As people get older, some of them face such an uncomfortable and often embarrassing problem as urinary incontinence, in other words, loss of bladder control. Although urinary incontinence occurs more often with aging, it’s not an inevitable condition for older people. Most people can get rid of the symptoms of urinary incontinence by a healthy diet, lifestyle and medicines.
Also, urinary incontinence can differ in severity from occasional leaking of urine when you’re sneezing to having such an intense urge to urinate that you can’t get to the washroom in time.
Symptoms of urinary incontinence
Symptoms of loss of bladder control depend on the types of urinary incontinence that include:
- Functional incontinence. Mental or physical impairments can be a cause of an inability to get to the washroom in time. For instance, severe arthritis may interfere you from unbuttoning your pants quickly enough.
- Urge incontinence. You have an uncontrolled loss of urine as a result of a strong and sudden urge to urinate. In addition, you experience the frequent need for urination both during the day and at night.
- Stress incontinence. Sneezing, coughing, laughing, lifting heavy things, or any other pressure on your bladder may provoke urine leaking.
- Overflow incontinence. Inability to fully empty the urinary bladder leads to constant dribbling.
- Mixed incontinence. You experience more than one of the listed types of urinary incontinence. Usually, it is a combination of urge incontinence and stress incontinence.
When should I see a doctor?
Seeing a doctor is important if you suffer from frequent incontinence, especially if it negatively impacts the quality of your life.
Causes of urinary incontinence
Many factors can cause urinary incontinence. Physical problems, medical conditions, everyday habits, lifestyle, and other aspects can be the root of such uncomfortable problems. After examination, your doctor may identify the particular cause of your incontinence.
Temporary urinary incontinence
Some drinks, food and medications can cause urinary incontinence by stimulating the bladder and increasing urine volume. They include alcohol, soft drinks, caffeine, carbonated water; food high in spice, acid or sugar, chocolate; high doses of vitamin C, sedatives, muscle relaxants, and blood pressure or heart medications.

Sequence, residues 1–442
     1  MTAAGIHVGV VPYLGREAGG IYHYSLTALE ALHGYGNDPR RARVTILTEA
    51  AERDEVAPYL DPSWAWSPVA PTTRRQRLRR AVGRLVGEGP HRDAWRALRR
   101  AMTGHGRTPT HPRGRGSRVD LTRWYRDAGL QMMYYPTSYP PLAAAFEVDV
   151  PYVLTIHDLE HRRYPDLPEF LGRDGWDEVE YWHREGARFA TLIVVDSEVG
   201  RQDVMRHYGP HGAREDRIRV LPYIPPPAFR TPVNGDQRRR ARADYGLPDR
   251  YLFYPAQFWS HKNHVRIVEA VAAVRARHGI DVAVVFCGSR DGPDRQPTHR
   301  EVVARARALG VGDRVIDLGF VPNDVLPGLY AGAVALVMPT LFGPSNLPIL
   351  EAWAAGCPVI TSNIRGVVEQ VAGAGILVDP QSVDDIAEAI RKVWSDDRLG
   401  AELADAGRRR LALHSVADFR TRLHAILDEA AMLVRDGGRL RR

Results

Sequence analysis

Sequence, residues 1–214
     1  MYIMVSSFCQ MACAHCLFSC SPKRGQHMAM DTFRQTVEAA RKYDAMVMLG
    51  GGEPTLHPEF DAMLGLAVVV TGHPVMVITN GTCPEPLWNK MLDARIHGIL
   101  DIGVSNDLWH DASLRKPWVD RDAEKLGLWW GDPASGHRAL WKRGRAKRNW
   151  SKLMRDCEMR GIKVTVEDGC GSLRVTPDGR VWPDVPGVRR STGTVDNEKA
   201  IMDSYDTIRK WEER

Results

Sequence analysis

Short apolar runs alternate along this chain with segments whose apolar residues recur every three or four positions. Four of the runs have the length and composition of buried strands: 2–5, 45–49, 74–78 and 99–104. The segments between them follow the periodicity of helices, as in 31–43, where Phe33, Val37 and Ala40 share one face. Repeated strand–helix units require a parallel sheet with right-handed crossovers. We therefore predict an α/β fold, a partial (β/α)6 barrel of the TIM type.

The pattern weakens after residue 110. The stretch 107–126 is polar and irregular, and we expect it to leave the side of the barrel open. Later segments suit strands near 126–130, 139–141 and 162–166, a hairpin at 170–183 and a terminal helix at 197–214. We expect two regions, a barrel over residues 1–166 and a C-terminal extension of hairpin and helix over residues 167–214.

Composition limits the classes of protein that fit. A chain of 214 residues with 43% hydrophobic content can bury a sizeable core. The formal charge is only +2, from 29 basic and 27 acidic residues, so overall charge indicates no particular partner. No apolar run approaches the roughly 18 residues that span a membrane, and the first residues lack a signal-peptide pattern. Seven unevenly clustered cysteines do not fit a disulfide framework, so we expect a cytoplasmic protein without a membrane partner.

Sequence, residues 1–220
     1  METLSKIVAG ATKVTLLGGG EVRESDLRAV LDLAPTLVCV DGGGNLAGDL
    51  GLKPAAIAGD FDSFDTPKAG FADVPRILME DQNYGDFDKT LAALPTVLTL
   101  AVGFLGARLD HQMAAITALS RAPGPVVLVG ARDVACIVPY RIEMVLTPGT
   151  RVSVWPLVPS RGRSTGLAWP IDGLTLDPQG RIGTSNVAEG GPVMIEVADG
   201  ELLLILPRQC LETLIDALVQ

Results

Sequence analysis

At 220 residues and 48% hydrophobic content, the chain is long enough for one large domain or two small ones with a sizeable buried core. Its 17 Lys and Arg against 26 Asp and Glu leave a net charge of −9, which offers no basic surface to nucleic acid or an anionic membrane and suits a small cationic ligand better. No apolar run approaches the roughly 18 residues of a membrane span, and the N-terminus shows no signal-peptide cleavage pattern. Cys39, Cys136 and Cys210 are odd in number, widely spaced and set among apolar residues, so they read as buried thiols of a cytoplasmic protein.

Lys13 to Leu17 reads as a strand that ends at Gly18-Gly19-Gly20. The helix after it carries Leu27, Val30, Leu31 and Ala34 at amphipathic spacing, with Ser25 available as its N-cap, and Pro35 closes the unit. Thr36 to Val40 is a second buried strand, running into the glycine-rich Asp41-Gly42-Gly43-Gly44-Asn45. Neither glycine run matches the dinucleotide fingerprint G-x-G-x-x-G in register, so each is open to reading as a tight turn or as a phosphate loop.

Furthermore, the root of urinary incontinence can be some easily treatable medical conditions such as constipation or urinary tract infections.
Persistent urinary incontinence
The following aspects can cause constant urinary incontinence:
- Menopause. Estrogen is a hormone that plays a role in keeping the lining of the urethra and the bladder healthy. After menopause, the estrogen level in the woman’s body reduces and may lead to urinary incontinence.
- Pregnancy. Increased weight of the fetus, as well as changes in hormones, can cause stress incontinence.
- Childbirth. After vaginal childbirth, the muscles that control the urinary bladder can be weakened. Also, it can impair bladder nerves and damage the supportive tissue. It may lead to a dropped pelvic floor (prolapse). Prolapse may cause the uterus, bladder, small intestine or rectum to descend and protrude into the vagina. Such conditions can be related to incontinence.
- Prostate cancer. Untreated prostate cancer, as well as treatment of prostate cancer, can cause urinary incontinence.
- Enlarged prostate. Many men face such problem as prostate enlargement (benign prostatic hyperplasia) as they get older. This condition may contribute to urinary incontinence.
- Changes with age. The capacity of the bladder decreases when we get older. Moreover, uncontrolled contractions of the bladder become more frequent with aging.
- Neurological disorders. Particular neurological disorders can contribute to impairment in bladder nerves. As a result, incontinence may develop.
- Obstruction. Certain problems with the urinary tract can lead to the loss of bladder control. In this way, overflow incontinence can be caused by carcinoma along the urinary tract. Also, in some cases, kidney stones may cause urine leakage.
Risk factors for urinary incontinence
Risk factors include gender, weight, smoking, age, medical condition, family history. For example, men with prostate enlargement are at a higher risk of developing overflow and urge incontinence. Meanwhile, women are at higher risk of stress incontinence due to pregnancy, childbirth and menopause.
- Urinary tract infections
- Problems with the skin due to steadily wet skin
- Influence on your daily life and activities
Prevention of urinary incontinence
The prevention of urinary incontinence is not always possible. However, here are some tips for reducing the risk:
- Exercises to strengthen the pelvic floor
- Avoid smoking
- Maintain a healthy weight
- Escape the bladder irritants (alcohol, caffeine, acid food)
- Eat more fibre
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